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Group project! We should compose an immunities and resistances database, for NR player reference, and for broader community use as well.

 

How shall we divy up the labor?

 

Best,

 

A.

Edited by Alesia_BH
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Quick Note on Ashoka's Game:

 

Leaden Key Agents are approaching the stronghold. Should we fight them off or let them sack the place? 

 

For reference, we're at Level 5 (with the exception of Cassia and Ogrnd). We just fought off the first assassin ambush with no knockdowns or significant injuries.

 

Best,

 

A.

Edited by Alesia_BH
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The leaden key agent attackers are quite weak, you should be able to take them down, especially if you quickly take out the spellcasters.

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Quick Note on Ashoka's Game: Ashoka at 5

 
Hi, all! I'd like to take a moment to share Ashoka's current build and load out, in the interest of soliciting commentary and proposals for future growth directions.
 
So far, Ashoka has been built as a walking fortress capable of mass healing. Her defenses are very strong relative to the challenges that she's currently facing. And while her comparative offense is starting to lag, I'm comfortable with that at this stage of my development as a player. As those who have followed my BG runs know, my tendency is to think defense first and offense second. As a BG SCS/Ascension solo no reloader, that is almost invariably the right call, in my opinion. I'll acknowledge that it is less obviously the right call in PoE, but I'm inclined to explore that angle, at least for the time being.
 
Ashoka's current character record and equipped items appear below.
 
Character Record pg 1
 
 
Character Record pg 2
 
 
 
Character Record pg 3
 
 
Current Inventory
 
 
 
Our objectives at this point are to: 1) build a comprehensive defensive toolkit of scrolls, potions, and swappable immunity items; 2) use a minimalist approach to uping offensive output (while simultaneously increasing elemental resistance) by pairing Forgemaster's Gloves with Scion of Flames + Intense Flames + Potions of Eldritch Aim; 3) upgrade her go-to weapon: the main-hand used alongside the Outworn Buckler.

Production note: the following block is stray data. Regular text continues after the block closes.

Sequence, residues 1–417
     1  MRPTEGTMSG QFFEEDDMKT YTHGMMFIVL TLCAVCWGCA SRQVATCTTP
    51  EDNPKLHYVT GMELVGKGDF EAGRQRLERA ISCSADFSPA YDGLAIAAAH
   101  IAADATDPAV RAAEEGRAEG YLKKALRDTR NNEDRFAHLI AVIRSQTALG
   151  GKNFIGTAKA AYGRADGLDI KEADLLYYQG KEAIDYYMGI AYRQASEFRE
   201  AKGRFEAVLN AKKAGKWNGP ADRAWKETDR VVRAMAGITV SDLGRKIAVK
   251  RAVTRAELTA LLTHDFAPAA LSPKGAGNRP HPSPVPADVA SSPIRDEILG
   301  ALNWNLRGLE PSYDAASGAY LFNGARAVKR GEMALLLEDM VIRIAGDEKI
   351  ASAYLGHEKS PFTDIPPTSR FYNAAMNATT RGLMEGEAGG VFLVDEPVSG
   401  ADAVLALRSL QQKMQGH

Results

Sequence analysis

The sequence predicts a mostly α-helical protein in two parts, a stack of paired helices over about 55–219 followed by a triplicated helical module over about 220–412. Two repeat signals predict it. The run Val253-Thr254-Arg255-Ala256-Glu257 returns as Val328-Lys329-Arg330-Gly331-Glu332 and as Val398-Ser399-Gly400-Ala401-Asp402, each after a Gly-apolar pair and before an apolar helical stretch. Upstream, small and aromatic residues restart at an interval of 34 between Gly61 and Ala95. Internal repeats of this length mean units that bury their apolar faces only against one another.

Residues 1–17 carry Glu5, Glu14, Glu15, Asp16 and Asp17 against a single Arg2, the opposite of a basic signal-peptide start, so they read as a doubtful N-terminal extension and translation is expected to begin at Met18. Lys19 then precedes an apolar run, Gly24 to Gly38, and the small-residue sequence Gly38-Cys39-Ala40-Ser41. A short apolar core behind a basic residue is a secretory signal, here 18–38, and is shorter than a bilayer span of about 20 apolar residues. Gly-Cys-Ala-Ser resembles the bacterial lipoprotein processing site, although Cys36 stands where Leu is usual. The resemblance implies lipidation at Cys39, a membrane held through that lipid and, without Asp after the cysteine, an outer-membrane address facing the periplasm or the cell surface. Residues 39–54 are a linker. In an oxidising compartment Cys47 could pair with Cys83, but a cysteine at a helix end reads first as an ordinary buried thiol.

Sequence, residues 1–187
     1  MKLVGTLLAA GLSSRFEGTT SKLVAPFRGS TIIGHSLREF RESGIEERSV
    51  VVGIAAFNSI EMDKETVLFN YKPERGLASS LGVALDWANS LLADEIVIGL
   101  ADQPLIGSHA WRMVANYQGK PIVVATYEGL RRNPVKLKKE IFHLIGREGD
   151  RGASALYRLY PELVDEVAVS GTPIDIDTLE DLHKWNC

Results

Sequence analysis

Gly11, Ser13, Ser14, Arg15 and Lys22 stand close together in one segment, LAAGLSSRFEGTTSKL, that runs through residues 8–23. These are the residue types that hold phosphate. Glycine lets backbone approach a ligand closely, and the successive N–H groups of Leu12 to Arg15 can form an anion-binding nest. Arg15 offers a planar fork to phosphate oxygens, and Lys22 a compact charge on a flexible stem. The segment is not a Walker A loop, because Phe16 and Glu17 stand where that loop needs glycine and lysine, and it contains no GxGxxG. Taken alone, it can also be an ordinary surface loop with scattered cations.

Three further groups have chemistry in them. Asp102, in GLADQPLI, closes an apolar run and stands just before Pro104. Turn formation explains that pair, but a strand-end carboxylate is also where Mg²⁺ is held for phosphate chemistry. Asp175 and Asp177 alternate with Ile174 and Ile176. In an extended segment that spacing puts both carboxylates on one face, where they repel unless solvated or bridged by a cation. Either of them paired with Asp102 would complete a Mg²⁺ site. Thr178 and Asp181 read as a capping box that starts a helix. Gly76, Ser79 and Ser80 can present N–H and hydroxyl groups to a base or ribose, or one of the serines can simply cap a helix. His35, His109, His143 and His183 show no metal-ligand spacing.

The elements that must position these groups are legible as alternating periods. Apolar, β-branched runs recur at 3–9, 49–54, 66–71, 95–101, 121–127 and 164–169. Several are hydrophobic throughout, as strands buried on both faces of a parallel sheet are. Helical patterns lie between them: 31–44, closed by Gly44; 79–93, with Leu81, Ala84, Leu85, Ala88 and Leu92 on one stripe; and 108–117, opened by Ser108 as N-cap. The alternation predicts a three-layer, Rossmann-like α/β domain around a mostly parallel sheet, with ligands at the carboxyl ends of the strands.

I'd be particularly interested in hearing comments on: 1) her go-to weapons for use with the Outworn; 2) the comparative advantages and disadvantage of the approach I'm taking with her, specifically from a NR perspective.
 
Thanks in advance for any and all comments!
 
Best,
 
A. 
Edited by Alesia_BH
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I see so many items I don't recognize, and I didn't even realize there were many weapons and shields that could grant immunities. There's a lot of technical know-how I still don't have. It's good to see that @Alesia_BH is still spotting some aura-independent defensive options despite PoE locking up equipment shuffling and banning most pre-buffs!

 

I just got out of the cutscene at the Ducal Palace and I'm starting to get more into the plot. I barely knew what the story was even about until after I got to Defiance Bay, and now things are getting really interesting. I don't suppose there's a way to get through Defiance Bay without starting a civil war? Because now I feel kinda bad. Pillars of Eternity can get pretty dark.

 

It's nice to be inexperienced again, and not really knowing how things work. I got really burned out on no-reloading BG (my solo LoB run basically destroyed the game for me). Now there are things to learn again, and I know that I'm going to fail off and on for a long time into the future. It really takes a lot of the pressure off to know that dying, rather than victory, is going to be the new norm.